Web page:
Eliminate four avoidable pain points in your construction project

by Cindy Juhas

nyone who has ever opened a new healthcare facility understands the number one goal is to open on time. Any delay, if only a day, can cost hundreds of thousands in real revenue dollars. However, Murphy’s Law doesn’t over- look the myriad issues that can impact the best laid-out plan. A great deal of these pitfalls lay on the outskirts of the healthcare system’s control. It’s not a surprise that a recent Medical Construction & Design (MCD) survey found that more than 50 percent of survey participants have had projects that did not fi nish on time.

A Understanding the avenues that lead to

delays is paramount, and planning and preventing common pitfalls is a necessity. I’ve gathered the four most common pain points that can delay your opening, and how to avoid them.

Wrong ordering

While this seems avoidable, wrong products are common, stemming from the fact that your project was more than likely started years in advance. This early stage probably included equipment lists that were gener- ated, vetted and approved. However, once it is time to order, is this approved list updated with the latest items, accessories, colors or specifi cations? Dated lists can lead to order- ing the wrong product, wrong accessories and wrong color. Errors of this nature lead to a delayed opening, but also a loss of dol- lars spent on restocking fees and expedited shipments of the right products.

Having strong manufacturer and equip- ment distributor partners with great prod- uct knowledge is essential for success once procurement starts ordering the equipment. Getting timely, updated quotes with all the information you need for success, including spec sheets, is crucial.

Late deliveries

It is typical for projects to include purchase orders from more than 250 suppliers, con- stituting more than 6,000 individual items. Tracking the movement of these products is daunting as they ship from factory to storage facilities and then on to placement in their fi nal facility room. Too often, project managers are in the last stages of a project when they discover crucial products were back-ordered and will not make the open- ing. These late deliveries push assembly and installation schedules back, which results in delays to opening on time.

Having the ability to track every product in real-time from the day the PO is gener- ated to when it is placed in the facility seems like a tall order, but there are solutions that include vendor managers and shipping platforms.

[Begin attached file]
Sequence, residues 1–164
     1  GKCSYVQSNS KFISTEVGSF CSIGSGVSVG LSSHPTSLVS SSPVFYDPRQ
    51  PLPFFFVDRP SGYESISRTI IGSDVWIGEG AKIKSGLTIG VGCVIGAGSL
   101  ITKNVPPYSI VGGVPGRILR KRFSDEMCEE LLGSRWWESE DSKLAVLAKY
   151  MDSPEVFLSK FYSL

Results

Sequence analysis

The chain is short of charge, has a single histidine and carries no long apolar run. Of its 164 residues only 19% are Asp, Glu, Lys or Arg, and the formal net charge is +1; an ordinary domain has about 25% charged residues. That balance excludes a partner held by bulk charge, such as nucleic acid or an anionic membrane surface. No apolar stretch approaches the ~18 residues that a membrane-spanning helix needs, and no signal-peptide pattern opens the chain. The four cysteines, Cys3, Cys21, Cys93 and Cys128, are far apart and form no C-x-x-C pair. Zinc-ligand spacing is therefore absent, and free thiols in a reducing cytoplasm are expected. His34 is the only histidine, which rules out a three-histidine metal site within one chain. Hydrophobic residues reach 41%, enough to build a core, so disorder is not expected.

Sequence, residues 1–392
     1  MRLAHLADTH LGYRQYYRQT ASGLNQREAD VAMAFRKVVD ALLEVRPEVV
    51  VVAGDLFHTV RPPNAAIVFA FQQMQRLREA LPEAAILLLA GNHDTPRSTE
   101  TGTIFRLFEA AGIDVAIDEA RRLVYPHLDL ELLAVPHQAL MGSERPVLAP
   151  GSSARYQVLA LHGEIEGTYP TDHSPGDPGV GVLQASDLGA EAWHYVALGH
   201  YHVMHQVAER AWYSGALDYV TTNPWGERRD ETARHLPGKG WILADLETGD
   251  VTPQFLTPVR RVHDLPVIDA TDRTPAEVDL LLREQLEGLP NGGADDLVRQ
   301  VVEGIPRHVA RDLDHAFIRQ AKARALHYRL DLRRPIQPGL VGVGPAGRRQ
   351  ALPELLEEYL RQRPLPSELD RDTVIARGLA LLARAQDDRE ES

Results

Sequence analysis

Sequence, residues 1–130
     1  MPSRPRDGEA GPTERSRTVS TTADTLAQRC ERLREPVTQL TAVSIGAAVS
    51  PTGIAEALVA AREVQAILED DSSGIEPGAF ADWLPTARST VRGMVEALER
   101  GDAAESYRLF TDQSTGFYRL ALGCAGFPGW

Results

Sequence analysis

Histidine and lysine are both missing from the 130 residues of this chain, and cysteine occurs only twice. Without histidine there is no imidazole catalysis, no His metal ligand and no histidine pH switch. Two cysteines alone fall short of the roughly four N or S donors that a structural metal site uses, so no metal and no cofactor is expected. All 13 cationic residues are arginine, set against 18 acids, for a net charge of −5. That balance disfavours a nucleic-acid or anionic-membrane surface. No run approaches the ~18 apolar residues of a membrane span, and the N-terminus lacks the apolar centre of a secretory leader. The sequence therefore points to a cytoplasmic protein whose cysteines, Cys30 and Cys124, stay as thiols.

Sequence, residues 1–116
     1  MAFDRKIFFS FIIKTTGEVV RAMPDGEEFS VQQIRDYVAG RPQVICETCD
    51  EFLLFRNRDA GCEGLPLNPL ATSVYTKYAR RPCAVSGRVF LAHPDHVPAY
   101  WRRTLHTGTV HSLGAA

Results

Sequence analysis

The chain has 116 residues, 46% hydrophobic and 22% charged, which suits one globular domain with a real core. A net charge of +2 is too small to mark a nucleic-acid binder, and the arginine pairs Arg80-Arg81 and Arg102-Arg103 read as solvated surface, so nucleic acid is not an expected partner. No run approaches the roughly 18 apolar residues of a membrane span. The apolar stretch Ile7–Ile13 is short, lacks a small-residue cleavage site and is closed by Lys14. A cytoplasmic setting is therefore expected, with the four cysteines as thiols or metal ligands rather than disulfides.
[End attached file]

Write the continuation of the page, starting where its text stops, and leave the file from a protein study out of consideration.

Lost products

Not monitoring and receiving POs cor- rectly can result in “losing” a product. This frequently happens when construction workers receive a product incorrectly. Unfortunately, this oversight commonly is discovered towards the end of a project

when reviewing open purchase orders. Similarly, an unpaid invoice can indicate another “lost” item. The supplier can prove it shipped, but there is no documentation that it has been received. One major client once told us they had almost 10 percent of their products for a project tagged as “not received” in their system when it was time to open. Some items were located after scouring their facility; others had to be reor- dered. This type of inventory management will delay an opening and increase costs. A software program that monitors and monetizes all of the items for a project can help keep your products in line. There are some programs that can be purchased but there are also equipment distributors or other third parties that may have their own programs that can help. You should fi nd ways to know where your items reside in real-time.

Unorganized in-room delivery and installation

Products need to be in a room and ready to use the moment your facility opens for busi- ness. If these deliveries occur haphazardly, with unscheduled appointments and poorly documented paperwork, you’re putting the fi nal mile of your project at grave risk. Having items assembled and staged before delivery to a site is critical. Properly labeled items can then be scheduled for a defi ned delivery, placed into the right locations, mounted and ready for the doors to open.

While these four pain points can derail a project, it is important to remember they are avoidable. With proper resources, planning, and documentation, your project can remain on track with minimal complications.

Cindy Juhas is the Chief Strategy Offi cer of CME Corp (CME), a comprehensive medical equipment, and healthcare services company that helps medical facilities nationwide to launch, renovate and expand seamlessly. CME has more than 30 service centers spanning the nation and offers an expanded product line of more than 1.2 million medical products from more than 1,400 manufacturers. Learn more at


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